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Have Our Manners Gone To Hell?
A controversial recent book suggests that what we think of as good manners is a relatively new thing, a commodity manufactured to meet the needs of an industrial age. But now that the Industrial Revolution is over, we may need them more than ever—for very different reasons.
September 1991 | Volume 42, Issue 5
So we have a whole host of villains. I choose none of them. The twentieth century didn’t bring an end to the class society, but it did bring the broadening of economic, political, and social power to new groups so that the old forms by which the middle classes measured themselves no longer have quite the same sway or same authority. Women, for instance, developed new forms of power. Immigrant groups increasingly developed their own power. Not that all ethnic and class differences were erased. They’re obviously not—for blacks, to take a particular example. Yet blacks are no longer expected and certainly no longer willing to comport themselves with the kind of deference that the whites demanded at the turn of the century. We’ve left that behind.
“Also, we have different institutions that have become models of our deportment. We have different kinds of figures we look to as heroes and models. For example, in part we now get our notions of how to dress and behave from movies and television, magazine and celebrities. In the nineteenth century theatrical celebrities would often model themselves upon the ‘lady’ and the ‘gentleman.’ Celebrities don’t do that now. They’re more extravagant in their demeanor and develop their own styles that become quite seductive for the young. Advertising itself has become, I think, a way of telling us not just what we should buy but how we should live, how we should associate the advertised objects with ourselves. In the broadest sense, advertising has come to tell us what is appropriate for us to desire.
“Obviously we’ve gone through a series of important changes since World War II. Though in many offices the business suit is still required, styles of dress for many jobs and occasions are much more informal. Styles of deference have changed—for instance, the development of a first-name basis. When I was growing up, I learned to address all adults by Mr. and Mrs. That’s less observed now. My in-laws still refer to their friends as Mr. and Mrs. I think they must be the last people who do that.”
But if our manners seem less formally regulated in private life than they once were, says Kasson, the development of a service-based economy since the Second World War has, if anything, intensified the importance of behavior on the job.
The politeness of flight attendants may go thin and seem highly formulaic. But by and large it works: the flight is a fairly pleasant experience.
We have created a society where many people’s jobs are what might be regarded as emotional labor, in the sense that part of their job is to help customers or clients feel good,” he says. “Their job is to guide customers toward certain outcomes by the way they express themselves. There’s a marvelous book by Arlie Hochschild, The Managed Heart , in which he talks about flight attendants and bill collectors. The job of flight attendants is, of course, safety and knowing how to handle things in an emergency. But it’s also public relations: how to serve meals, how to discipline the ‘audience,’ to look out for troublemakers, and to make the passengers feel good in the process. They coach you on how you’re supposed to deal with the various events on your trip, even get you to regard unexpected delays in a rather cheerful way. They are specially schooled in certain rituals of politeness. We may be aware sometimes that the politeness goes thin and seems highly formulaic, but generally it works. For the most part the flight seems a fairly pleasant experience.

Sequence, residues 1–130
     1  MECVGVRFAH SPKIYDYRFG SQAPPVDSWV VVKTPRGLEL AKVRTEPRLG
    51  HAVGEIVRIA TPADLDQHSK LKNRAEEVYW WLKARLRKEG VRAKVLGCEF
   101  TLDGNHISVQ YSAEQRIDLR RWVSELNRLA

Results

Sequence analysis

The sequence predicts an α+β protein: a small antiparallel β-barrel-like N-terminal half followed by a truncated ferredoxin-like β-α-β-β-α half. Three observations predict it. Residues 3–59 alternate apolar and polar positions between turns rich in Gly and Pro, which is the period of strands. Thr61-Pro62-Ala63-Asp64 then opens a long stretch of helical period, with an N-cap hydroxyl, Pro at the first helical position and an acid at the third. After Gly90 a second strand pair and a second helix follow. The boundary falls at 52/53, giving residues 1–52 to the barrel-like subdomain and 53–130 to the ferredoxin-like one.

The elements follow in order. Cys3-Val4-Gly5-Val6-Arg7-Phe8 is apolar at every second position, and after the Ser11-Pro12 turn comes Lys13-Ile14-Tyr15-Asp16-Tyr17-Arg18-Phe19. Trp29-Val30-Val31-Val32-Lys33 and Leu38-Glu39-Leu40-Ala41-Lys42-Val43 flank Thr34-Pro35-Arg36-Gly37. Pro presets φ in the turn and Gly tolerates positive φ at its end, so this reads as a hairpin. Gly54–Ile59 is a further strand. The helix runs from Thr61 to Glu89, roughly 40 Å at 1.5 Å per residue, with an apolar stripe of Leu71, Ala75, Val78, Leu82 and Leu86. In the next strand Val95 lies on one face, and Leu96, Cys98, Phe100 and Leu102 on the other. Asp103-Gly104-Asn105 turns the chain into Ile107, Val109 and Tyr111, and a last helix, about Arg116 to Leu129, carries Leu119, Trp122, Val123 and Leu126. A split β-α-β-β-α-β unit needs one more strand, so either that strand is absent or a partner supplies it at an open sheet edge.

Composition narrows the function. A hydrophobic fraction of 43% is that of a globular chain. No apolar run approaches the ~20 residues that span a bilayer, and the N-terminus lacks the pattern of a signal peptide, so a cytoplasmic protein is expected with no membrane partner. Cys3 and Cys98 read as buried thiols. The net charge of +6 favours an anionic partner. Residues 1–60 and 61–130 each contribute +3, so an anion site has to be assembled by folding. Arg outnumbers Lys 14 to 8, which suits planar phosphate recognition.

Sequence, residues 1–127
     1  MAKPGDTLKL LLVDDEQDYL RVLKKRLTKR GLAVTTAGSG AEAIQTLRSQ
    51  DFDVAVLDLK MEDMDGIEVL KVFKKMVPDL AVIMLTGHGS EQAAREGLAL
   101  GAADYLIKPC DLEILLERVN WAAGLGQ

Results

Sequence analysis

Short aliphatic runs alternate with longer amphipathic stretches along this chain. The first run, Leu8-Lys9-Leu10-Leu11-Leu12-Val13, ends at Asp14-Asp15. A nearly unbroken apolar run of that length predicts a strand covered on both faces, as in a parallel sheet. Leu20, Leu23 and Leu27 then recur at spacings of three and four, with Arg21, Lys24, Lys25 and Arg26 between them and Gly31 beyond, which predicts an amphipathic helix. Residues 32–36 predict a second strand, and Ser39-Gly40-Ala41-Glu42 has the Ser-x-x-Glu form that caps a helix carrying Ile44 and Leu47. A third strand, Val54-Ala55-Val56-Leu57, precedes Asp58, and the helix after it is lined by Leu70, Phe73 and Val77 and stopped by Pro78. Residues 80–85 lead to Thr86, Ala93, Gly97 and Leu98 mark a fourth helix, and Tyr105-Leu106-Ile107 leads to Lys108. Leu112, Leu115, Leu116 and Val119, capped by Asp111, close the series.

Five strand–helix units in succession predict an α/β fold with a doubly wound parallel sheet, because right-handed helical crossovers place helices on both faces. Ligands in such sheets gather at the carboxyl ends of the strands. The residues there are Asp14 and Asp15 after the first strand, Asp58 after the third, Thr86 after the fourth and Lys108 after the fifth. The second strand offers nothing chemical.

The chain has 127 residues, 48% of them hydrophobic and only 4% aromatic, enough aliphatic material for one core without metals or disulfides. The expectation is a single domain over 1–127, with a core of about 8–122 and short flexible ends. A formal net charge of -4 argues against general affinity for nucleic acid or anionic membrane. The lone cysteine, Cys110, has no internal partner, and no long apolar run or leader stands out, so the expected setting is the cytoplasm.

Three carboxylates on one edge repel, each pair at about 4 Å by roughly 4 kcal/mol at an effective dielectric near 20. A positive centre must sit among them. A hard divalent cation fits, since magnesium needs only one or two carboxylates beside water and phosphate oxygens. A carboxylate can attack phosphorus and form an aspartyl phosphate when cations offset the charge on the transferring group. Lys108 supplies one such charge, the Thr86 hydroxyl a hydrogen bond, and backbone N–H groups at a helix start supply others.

“Flight attendants by and large are women. This has to do with what people still expect in the way of deference from men and women. Women have to play a kind of altruistic role. They have to take a rather different tone. Given a particularly irascible or troublesome passenger, the male flight attendants go to work—precisely because in the eyes of their audience they are often able to command authority. The unpleasant news is delivered by a man. So bill collectors, on the other hand, are almost exclusively male. They often work by telephone. Their job is to intimidate, to remind people rather gruffly and authoritatively that they need to attend to their financial obligations. This is another kind of emotional labor. The point of Hochschild’s study I found fascinating is that in both cases these workers are practicing a kind of ‘deep etiquette.’ They discipline themselves to perform certain scripts, to elicit certain responses from people. Their jobs depend on their success in doing this.”
At the same time, it’s undeniable that over the last several years complaints seem to have been on the rise about the deteriorating service we get in shops, restaurants, government offices, and so on: “If we’re supposed to have become a service economy, why is the service so bad?”
Kasson sees in the exchanges between customers and workers in shops or restaurants an illustration of how modern American rules of etiquette continue to reflect “notions of manners that are often based upon mutual deference one to another, broadly presuming a kind of equal footing—but also a way that we signal our place in society. The two, of course, are in tension. We all are equal, but some are still more equal than others. When you go into a shop or into a hotel, the people behind the desk address you as ‘sir’ or ‘madam.’ You don’t ordinarily do the same to them. When people are performing a service, they give more deference than the people who are receiving it.